MARY LOUISE KELLY, HOST:
I let you down. I should have acted faster and more decisively - the words of NPR CEO Jarl in an email to our newsroom. He met with NPR staff this afternoon two days after he asked for the resignation of senior vice president for news Michael Oreskes. Oreskes' resignation came after allegations emerged of sexual harassment that occurred two decades ago and before his time at NPR.
NPR media correspondent David Folkenflik has been covering this story. He joins me from New York. Hi, David.
DAVID FOLKENFLIK, BYLINE: Mary Louise.
KELLY: So in the interest of being transparent about how we are covering this story, that all-staff meeting was off the record in the interest of women being able to tell their stories and share freely. I went. You chose not to. What have you been able to learn about it?
FOLKENFLIK: It was a tough, contentious meeting. Jarl Mohn was contrite and far more concrete about what he acknowledges now are the failing to heed early warning signs about Mike Oreskes' behavior toward women. A number of female employees in particular voiced great skepticism about his ability to be the one to reshape and reform NPR, and he said he pledged to work very hard to regain their trust.
KELLY: Now, the timeline of what exactly NPR management knew and when has shifted some as the story has unfolded this week. Can you remind us just what we knew a couple of days ago when Oreskes was forced out and then what you've learned since?
FOLKENFLIK: Sure. An assistant producer first filed a complaint against Mike Oreskes in October of 2015. He was formally rebuked after that for a long dinner that delved into personal affairs. In late-September 2016, two veteran editors said that concerns over Mike's behavior towards women had created a toxic workplace. And then there were these two accusations that came in from women who had encounters with him when he was Washington bureau chief for The New York Times almost two decades ago. The first woman came in in October of 2016. The second came in last month, October 2017. At that point, NPR started to look into it more carefully but only took action to suspend him once it had been published in The Washington Post.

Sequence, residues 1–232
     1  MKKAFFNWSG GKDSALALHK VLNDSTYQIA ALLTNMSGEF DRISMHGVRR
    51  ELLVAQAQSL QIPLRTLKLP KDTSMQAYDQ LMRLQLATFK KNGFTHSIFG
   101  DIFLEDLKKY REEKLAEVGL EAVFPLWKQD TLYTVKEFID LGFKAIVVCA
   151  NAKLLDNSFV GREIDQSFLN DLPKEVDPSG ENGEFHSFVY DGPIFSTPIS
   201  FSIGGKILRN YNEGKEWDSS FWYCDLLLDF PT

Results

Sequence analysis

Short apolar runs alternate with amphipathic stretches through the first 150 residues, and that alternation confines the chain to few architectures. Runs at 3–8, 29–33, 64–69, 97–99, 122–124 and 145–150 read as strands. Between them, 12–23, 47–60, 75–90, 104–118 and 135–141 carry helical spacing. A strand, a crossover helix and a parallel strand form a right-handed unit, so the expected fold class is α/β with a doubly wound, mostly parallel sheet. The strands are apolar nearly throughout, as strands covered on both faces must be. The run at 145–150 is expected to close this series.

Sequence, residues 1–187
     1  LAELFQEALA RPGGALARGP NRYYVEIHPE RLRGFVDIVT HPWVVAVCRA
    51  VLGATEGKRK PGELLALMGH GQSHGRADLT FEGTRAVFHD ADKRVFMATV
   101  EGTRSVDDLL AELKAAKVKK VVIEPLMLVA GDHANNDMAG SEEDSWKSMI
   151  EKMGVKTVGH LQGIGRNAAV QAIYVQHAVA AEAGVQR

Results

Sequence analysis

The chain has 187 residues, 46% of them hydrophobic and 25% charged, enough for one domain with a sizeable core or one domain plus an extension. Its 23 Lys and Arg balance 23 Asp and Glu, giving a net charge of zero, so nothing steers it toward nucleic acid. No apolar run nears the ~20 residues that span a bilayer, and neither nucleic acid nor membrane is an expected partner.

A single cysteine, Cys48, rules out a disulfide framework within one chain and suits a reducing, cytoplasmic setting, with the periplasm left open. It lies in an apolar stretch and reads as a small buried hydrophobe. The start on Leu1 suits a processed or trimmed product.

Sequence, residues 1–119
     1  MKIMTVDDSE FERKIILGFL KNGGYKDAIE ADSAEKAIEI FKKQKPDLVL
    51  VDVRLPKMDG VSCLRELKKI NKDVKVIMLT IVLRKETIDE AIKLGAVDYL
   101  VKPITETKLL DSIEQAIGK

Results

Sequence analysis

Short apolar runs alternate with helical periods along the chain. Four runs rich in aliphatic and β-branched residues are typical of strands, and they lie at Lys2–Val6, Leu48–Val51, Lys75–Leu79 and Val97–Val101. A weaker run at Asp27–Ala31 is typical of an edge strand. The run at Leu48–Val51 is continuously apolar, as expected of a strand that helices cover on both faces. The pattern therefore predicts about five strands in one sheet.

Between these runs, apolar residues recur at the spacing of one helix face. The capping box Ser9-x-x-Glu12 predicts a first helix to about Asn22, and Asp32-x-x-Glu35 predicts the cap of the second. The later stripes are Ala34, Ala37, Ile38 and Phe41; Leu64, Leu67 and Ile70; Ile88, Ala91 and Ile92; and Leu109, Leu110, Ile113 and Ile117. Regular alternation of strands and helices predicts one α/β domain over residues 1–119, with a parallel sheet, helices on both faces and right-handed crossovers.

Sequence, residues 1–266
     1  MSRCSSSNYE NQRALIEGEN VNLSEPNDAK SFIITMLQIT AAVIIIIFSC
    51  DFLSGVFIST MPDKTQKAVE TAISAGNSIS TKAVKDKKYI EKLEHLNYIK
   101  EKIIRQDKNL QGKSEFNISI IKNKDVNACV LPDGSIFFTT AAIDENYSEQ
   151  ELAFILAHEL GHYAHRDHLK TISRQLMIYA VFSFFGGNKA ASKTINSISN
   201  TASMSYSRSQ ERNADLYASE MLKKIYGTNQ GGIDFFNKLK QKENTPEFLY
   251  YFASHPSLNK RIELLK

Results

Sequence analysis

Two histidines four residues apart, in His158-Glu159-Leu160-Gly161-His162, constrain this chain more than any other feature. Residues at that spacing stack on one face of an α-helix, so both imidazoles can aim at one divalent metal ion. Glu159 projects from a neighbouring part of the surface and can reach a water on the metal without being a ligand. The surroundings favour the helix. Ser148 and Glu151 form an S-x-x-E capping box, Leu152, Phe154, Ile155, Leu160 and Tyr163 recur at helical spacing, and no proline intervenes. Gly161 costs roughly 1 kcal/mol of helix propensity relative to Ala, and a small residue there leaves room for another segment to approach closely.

KELLY: And you've continued to talk to women who are reporting inappropriate behavior on the part of Oreskes but who have not necessarily taken it to a formal complaint.
FOLKENFLIK: Yes. And I think there have been about a half dozen women - five or six who have made formal complaints since all this news broke. But there are a number of other women who've talked to me, people who work at NPR, a woman who used to work at NPR, a number of women who are thinking about working for NPR after Oreskes had offered them some career counsel and he had encouraged them to do so.
There was the use of social media to sort of start conversations on a friendlier, professional basis, and quickly they veered into the romantic, wistful, laudatory and even sexual. And there seemed to be a grooming of women, sort of a familiarity but also a sense of expanding the boundaries of what's appropriate to allow himself to get entangled with them in ways that they simply did not want.
KELLY: I want people to know that we have reached out. You have reached out to Mike Oreskes himself. He has thus far not commented to NPR other than a statement that went out to staff saying he is sorry, and he apologizes for behavior that was inappropriate. In terms of where this goes next, Jarl Mohn, the NPR CEO, has announced that he's going to bring in an outside law firm to investigate how all this was handled. What exactly are we looking for there?
FOLKENFLIK: Well, we're going to see what they come up with. We're also going to see how public their findings become. And we're going to see how the board reacts to it. And there's one other thing. There's something intangible that's not necessarily formal. But we're going to see how the newsroom reacts and how the company reacts and whether or not Mohn can steady the status ship for himself or whether or not he's has really lost the ability to lead given his handling of the senior executive and his misbehavior towards the women who work for him.
KELLY: NPR media correspondent David Folkenflik, thanks for that and for your reporting all this week.
FOLKENFLIK: You bet.
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